Editorial: L.A. councilman’s fundraising may be legal, but is it ethical?

Paul Krekorian
Paul Krekorian at a Los Angeles City Council meeting in 2012.
( Los Angeles Times)

Over the last several years, Los Angeles City Councilman Paul Krekorian has collected thousands of dollars from lobbyists, who are barred from contributing to city officeholders. He’s received tens of thousands more from employee unions and companies with business before the city in excess of the city’s contribution caps. Yet it’s all been perfectly legal because Krekorian was raising the funds for a state campaign committee, not a city one.

But just because the fundraising was legal doesn’t mean it was appropriate. The city’s laws are designed to ensure that elected officials are not being bought off by people and companies with business and interests before the city — and the potential conflicts of interest don’t go away just because the donation is made to a state committee. Voters in Los Angeles have repeatedly passed ballot measures that impose stricter limits on city officials than state law does because they apparently believe lobbyists and other big campaign donors exert too much influence in City Hall. Ethics Commission rules cap political contributions from a single donor at $700 for campaign and officeholder committees, and they ban contributions from lobbyists and from companies bidding on or holding city contracts.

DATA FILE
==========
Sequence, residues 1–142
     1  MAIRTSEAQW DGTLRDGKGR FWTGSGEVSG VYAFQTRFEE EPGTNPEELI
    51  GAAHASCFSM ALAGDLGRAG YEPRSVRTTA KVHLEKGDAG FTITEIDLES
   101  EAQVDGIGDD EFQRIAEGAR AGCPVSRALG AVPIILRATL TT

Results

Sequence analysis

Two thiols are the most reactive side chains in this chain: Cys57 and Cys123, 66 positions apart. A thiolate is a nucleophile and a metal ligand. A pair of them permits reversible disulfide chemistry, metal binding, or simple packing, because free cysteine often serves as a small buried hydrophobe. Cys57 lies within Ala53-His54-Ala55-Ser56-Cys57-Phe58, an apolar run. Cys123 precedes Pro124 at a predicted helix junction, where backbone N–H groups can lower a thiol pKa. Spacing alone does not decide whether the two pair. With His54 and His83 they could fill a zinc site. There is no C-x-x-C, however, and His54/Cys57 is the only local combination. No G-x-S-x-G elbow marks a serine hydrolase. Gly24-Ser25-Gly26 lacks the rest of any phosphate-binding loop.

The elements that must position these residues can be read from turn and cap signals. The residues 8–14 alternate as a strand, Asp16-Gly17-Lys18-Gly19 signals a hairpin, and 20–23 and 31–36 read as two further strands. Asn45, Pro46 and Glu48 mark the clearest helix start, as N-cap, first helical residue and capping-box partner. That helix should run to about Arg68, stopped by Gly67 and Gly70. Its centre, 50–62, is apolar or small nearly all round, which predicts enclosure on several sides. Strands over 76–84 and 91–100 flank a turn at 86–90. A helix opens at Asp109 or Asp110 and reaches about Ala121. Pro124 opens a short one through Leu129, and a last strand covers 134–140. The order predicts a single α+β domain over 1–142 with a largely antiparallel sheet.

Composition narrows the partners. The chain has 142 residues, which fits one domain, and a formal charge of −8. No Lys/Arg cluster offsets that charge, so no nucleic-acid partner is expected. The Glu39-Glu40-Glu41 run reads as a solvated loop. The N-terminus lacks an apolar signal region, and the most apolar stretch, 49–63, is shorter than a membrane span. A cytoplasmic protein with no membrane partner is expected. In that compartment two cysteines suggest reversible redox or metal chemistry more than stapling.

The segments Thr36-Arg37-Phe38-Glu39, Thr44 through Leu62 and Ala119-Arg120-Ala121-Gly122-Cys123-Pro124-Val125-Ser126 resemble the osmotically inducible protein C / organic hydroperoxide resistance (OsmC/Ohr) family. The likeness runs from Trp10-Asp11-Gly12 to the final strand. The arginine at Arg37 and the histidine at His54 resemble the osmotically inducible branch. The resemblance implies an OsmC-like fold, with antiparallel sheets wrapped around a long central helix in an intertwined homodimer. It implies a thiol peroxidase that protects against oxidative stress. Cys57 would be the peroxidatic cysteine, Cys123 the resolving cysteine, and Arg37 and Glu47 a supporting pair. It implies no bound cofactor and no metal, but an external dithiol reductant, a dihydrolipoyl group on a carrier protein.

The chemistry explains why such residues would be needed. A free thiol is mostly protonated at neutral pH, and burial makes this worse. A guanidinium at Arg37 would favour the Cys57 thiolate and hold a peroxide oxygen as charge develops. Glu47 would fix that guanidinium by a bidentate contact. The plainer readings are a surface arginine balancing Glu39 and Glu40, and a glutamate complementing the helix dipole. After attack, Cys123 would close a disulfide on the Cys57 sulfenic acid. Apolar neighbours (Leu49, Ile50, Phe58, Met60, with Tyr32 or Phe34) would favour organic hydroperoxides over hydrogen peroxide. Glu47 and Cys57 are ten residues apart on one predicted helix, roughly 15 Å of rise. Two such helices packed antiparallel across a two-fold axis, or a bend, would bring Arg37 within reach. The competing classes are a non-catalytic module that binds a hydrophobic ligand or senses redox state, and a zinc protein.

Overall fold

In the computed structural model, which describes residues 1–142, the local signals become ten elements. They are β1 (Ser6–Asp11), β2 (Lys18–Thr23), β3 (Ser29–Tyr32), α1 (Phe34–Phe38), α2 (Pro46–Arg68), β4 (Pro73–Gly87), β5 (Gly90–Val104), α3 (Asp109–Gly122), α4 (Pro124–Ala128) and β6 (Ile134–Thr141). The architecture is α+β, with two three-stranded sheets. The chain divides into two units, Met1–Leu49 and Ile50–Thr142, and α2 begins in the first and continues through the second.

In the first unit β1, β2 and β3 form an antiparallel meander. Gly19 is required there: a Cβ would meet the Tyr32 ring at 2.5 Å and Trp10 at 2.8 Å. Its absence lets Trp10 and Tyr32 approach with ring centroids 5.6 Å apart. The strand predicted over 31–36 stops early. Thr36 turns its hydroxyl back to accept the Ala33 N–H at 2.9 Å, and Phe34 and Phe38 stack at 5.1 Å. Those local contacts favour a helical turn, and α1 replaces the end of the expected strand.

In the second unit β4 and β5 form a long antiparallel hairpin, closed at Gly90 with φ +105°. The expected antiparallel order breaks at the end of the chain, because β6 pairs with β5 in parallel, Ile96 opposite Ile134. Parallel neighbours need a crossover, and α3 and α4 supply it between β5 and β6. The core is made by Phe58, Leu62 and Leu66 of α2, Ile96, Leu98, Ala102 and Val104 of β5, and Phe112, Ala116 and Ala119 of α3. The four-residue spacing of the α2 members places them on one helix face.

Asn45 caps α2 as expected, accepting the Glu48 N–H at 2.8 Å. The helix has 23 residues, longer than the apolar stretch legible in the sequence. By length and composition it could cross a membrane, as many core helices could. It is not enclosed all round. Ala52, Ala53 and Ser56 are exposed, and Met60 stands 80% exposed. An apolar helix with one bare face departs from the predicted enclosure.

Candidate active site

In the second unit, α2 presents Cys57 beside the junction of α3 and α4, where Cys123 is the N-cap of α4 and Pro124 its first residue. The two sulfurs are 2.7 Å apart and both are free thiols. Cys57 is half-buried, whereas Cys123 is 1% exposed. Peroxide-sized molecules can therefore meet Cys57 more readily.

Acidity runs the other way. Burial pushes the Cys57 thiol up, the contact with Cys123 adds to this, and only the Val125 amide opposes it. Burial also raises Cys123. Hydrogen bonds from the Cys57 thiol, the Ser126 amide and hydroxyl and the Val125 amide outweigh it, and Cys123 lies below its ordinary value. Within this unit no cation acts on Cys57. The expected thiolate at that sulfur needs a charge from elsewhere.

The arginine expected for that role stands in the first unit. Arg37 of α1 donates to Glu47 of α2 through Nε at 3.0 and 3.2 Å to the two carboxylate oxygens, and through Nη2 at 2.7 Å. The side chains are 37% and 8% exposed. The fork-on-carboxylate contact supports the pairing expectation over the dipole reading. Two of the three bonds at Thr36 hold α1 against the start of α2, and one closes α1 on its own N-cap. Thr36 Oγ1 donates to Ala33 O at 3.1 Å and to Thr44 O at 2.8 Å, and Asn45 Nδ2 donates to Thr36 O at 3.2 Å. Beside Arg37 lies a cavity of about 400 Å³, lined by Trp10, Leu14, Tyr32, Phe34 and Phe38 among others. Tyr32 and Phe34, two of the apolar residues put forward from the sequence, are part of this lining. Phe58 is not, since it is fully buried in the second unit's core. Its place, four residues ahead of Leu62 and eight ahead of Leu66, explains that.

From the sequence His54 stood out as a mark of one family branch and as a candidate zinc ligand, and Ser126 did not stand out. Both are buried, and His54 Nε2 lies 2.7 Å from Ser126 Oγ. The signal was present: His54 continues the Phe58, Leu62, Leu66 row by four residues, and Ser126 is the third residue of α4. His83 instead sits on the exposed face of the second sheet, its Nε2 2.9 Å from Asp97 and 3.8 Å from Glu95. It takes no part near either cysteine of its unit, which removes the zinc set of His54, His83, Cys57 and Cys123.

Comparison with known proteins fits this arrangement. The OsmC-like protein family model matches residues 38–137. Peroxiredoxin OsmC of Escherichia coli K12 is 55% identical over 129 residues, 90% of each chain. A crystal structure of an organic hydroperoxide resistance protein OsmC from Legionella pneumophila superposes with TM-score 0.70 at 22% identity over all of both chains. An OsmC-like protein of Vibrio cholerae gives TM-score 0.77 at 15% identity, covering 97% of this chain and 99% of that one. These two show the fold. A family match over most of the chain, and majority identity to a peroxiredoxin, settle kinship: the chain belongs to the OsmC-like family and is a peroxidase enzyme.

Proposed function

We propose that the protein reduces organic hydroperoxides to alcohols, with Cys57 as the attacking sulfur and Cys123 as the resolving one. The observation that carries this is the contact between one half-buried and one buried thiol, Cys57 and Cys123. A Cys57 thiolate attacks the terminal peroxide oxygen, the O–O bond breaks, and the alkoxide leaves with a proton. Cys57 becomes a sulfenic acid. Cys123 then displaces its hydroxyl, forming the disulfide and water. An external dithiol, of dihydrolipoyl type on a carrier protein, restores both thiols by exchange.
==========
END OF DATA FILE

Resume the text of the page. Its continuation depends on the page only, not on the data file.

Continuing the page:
Yet Krekorian, who helps control the city’s purse strings as chairman of the City Council’s budget committee, has accepted $5,000 each from the firefighters union and the police officers union, $4,000 from a trash company now bidding on a city contract, $2,000 from a development company with projects in his district and several thousand dollars from half a dozen registered lobbyists. After the Los Angeles Daily News began questioning him about the donations last month, he returned the lobbyists’ contributions. He also says he will introduce a motion instructing the Ethics Commission to post information on its website when city elected officials are raising money for non-city campaign committees, which would at least provide greater disclosure of these kinds of stealth donations.

Since he was elected to the council in December 2009, Krekorian has raised more than $80,000 for his state Friends of Paul Krekorian account. The money is not for a future race but is supposed to help pay down about $100,000 in personal loans he made to the campaign committee, which was opened in 2000 when he ran unsuccessfully for the Assembly. Certainly, elected city officials should be able to raise money to pay off campaign debts. But to avoid the perception of a conflict of interest, they need to abide by the city’s stricter rules. Krekorian — who served on the Ethics Commission in the 1990s and pushed at that time for stronger ethics reform — should understand that. 


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